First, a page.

Design Mom » make something http://www.designmom.com The Intersection of Design & Motherhood Mon, 12 May 2014 18:42:36 +0000 en-US hourly 1 http://wordpress.org/?v=3.5.1 Painted Boxes http://www.designmom.com/2014/05/painted-boxes/ http://www.designmom.com/2014/05/painted-boxes/#comments Thu, 08 May 2014 17:19:14 +0000 Design Mom http://www.designmom.com/?p=47445

DIY: Pretty Painted Pencil Boxes. Good looking on your desk, and they make a great gift!   |   Design Mom

By Gabrielle. Photos and Styling by Amy Christie

Sometimes, I’m just in the mood to make something, so I come up with a project just because. This is one of those projects. Happily, this project happens to be stunning, and would make an excellent gift!

The boxes themselves are pretty fantastic, but fill them with some poppy pencils or note cards, and they’re even better. Make one for your mother. For your child’s teacher. For your best friend. Or just keep one on your own desk — they’re so pretty, they’re hard to part with.

DIY: Pretty Painted Pencil Boxes. Good looking on your desk, and they make a great gift!   |   Design Mom

I wish you could all come to my house to see these because, believe it or not, they are even more beautiful in person. I was even surprised at how lovely they turned out to be. And the how-to is so simple!

DIY: Pretty Painted Pencil Boxes. Good looking on your desk, and they make a great gift!   |   Design Mom

With a little tape and your favorite color scheme, you’re set to begin making beautiful designs.

DIY: Pretty Painted Pencil Boxes. Good looking on your desk, and they make a great gift!   |   Design Mom

Come see this simple project unfold!

DIY: Pretty Painted Pencil Boxes. Good looking on your desk, and they make a great gift!   |   Design Mom

Supplies:

- wooden pencil or artist box (I used this one and this one from Amazon.)
- paint
- tape
- sealant, optional

DIY: Pretty Painted Pencil Boxes. Good looking on your desk, and they make a great gift!   |   Design Mom

Decide on a design and use the tape to create it. Make sure to stick down the tape well to keep the lines clean. Remember, the tape will protect the wood, leaving it without paint. I used blue painter’s tape for everything. I cut it down to narrow strips for the larger triangles. Worked great.

Add paint in your desired colors and allow to dry completely.

DIY: Pretty Painted Pencil Boxes. Good looking on your desk, and they make a great gift!   |   Design Mom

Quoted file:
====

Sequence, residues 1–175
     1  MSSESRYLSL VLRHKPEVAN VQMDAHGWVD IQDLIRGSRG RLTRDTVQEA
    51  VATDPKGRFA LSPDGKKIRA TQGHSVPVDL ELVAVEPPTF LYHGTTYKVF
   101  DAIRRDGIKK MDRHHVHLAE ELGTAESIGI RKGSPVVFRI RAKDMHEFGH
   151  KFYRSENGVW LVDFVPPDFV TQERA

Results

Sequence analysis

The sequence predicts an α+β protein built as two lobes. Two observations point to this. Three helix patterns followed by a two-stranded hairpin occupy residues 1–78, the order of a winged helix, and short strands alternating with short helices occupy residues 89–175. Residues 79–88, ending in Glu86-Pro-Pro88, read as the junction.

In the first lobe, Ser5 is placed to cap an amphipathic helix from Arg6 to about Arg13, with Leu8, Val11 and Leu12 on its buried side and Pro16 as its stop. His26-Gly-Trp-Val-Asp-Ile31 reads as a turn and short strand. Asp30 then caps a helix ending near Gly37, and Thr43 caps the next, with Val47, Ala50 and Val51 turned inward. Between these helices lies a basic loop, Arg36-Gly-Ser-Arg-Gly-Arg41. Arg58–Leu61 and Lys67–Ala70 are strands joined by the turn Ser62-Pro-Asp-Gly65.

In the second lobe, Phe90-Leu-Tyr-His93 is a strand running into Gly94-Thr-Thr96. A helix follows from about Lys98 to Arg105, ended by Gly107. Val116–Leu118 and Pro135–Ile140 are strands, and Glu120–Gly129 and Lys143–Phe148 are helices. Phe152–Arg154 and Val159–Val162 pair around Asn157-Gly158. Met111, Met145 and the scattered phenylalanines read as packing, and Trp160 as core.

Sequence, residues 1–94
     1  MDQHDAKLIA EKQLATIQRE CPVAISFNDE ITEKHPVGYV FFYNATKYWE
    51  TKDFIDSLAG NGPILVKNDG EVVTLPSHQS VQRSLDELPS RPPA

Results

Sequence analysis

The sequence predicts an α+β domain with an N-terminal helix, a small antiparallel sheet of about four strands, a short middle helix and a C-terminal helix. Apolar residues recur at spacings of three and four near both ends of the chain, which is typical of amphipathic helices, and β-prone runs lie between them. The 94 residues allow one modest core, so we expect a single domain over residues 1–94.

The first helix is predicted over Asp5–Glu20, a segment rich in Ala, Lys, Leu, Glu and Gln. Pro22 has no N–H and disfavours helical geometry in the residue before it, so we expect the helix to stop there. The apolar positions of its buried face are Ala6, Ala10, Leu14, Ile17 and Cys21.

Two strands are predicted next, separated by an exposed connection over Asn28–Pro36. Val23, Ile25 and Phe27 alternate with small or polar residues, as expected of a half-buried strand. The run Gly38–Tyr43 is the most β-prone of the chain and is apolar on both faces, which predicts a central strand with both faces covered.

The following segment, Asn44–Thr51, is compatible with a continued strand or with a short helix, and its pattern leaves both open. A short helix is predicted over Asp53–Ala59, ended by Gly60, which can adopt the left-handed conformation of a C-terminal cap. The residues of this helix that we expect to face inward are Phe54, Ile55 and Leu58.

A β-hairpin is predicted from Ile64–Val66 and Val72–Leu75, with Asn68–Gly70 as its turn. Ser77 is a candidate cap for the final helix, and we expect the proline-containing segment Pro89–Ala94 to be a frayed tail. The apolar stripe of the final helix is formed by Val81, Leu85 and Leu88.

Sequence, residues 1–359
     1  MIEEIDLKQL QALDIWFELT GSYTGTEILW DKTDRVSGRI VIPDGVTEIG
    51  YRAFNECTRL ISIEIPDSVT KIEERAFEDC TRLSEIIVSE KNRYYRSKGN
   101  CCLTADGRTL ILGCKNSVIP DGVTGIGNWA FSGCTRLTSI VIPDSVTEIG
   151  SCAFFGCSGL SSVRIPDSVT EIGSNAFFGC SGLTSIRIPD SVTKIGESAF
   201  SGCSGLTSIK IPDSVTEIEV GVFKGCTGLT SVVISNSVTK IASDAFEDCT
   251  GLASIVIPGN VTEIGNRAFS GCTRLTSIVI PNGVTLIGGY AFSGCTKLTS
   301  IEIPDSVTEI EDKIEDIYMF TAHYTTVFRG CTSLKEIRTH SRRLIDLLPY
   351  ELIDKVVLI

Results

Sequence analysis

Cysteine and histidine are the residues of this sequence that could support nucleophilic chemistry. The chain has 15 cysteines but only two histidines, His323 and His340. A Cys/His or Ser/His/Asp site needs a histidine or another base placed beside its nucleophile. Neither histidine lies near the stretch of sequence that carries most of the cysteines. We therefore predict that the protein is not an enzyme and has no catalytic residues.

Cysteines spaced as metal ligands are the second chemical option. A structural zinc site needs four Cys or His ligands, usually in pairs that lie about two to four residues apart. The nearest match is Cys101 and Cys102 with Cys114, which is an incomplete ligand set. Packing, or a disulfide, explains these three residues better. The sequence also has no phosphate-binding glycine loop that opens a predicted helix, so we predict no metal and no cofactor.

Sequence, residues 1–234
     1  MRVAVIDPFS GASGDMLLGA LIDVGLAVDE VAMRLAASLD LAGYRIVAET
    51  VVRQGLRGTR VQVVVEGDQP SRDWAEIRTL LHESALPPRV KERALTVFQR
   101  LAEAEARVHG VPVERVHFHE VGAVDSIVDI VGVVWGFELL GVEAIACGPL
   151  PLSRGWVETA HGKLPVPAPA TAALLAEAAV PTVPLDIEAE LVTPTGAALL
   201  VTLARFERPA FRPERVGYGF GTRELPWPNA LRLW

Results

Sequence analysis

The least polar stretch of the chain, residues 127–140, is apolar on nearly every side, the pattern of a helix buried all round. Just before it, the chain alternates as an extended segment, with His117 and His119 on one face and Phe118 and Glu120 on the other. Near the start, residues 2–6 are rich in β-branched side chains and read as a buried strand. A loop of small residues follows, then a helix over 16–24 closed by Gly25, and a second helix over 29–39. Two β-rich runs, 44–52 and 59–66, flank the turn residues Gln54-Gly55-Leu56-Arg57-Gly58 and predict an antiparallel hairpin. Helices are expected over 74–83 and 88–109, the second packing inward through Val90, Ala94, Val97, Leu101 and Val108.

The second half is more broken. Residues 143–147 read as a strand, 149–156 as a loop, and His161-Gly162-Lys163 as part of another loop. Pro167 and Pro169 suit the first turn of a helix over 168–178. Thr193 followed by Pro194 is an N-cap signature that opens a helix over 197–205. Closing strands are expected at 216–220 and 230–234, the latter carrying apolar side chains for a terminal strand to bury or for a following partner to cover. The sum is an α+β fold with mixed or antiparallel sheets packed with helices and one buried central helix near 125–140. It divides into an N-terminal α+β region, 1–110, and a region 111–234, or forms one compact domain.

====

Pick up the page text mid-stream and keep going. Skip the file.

Peel away the tape to reveal the design. Add a sealant if you desire or leave it as is. I loved the flat color against the wood.

DIY: Pretty Painted Pencil Boxes. Good looking on your desk, and they make a great gift!   |   Design Mom

And that’s it! Can you believe how simple? The only time consuming part is deciding on a design and trimming the tape to create it — but that’s the fun part too!

If you decide to make one, let me know. I want to see a show-and-tell of all your pretty painted boxes.

P.S. — Like to make gifts? Click here for tons of ideas.

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DIY: Crate Shelves — Make a Set of 15 for $125 http://www.designmom.com/2014/05/diy-crate-shelves-make-a-set-of-15-for-125/ http://www.designmom.com/2014/05/diy-crate-shelves-make-a-set-of-15-for-125/#comments Fri, 02 May 2014 14:54:16 +0000 Design Mom http://www.designmom.com/?p=47351

DIY Crate Shelving - Make a set of 15 for $125

Images and text by Gabrielle.

As promised, here is a tutorial for the crate shelves we have in the Reading Loft. As you may remember, the inspiration for the shelves was this image. I liked that you can see through them and get a glimpse of the wall color behind. And I liked that there were various sizes.

DIY Crate Shelving - Make a set of 15 for $125

At first, I did a search to see if I could find a similar product to purchase — and these shelves from Design Within Reach seemed to be the closest thing. They’re gorgeous! But the price really added up fast when I considered how many I needed. Plus, I wanted more control of the exact dimensions of each box. So finally, I concluded making them was the way to go.

DIY Crate Shelving - Make a set of 15 for $125

We work with a handyman named Alex for some of the small projects around the house, and I hired him to help me with these as soon as I knew I wanted to make them. Alex is actually a sculptor (with an impressive portfolio) who does home projects on the side. It’s a huge bonus to me that he’s a sculptor, because it means he has an excellent eye for detail, and he’ll brainstorm solutions with me thinking as both an artist and a builder. And brainstorm we did!

I determined I wanted to use 3/8 inch thick plywood, but Alex was concerned because that was thin enough that the boards could split if we screwed them together. So I considered the thicker plywood, but it just didn’t look right — the proportions were off — too heavy looking. So we discussed ways to make the 3/8 inch plywood work. We looked at metal brackets and all sorts of fasteners. Then happily, Alex came up with this smart format.

DIY Crate Shelving - Make a set of 15 for $125

Notches were cut out of opposite corners of each box piece, then the pieces were fit together. Simple and brilliant! Interlocking the cubes this way adds stability.

DIY Crate Shelving - Make a set of 15 for $125

And I love that we don’t have to mess with the simple profiles of the boxes by adding protruding hardware.

DIY Crate Shelving - Make a set of 15 for $125 DIY Crate Shelving - Make a set of 15 for $125

Want to make some shelves of your own? Then, let’s get started.

DIY Crate Shelving - Make a set of 15 for $125

Project Overview & Tools

I would say this is an intermediate skill-level project. Ideally, you have access to a table saw (though anything from a skil saw to a table saw can work), a jigsaw, and a palm sander with 120 grit and 220 grit paper.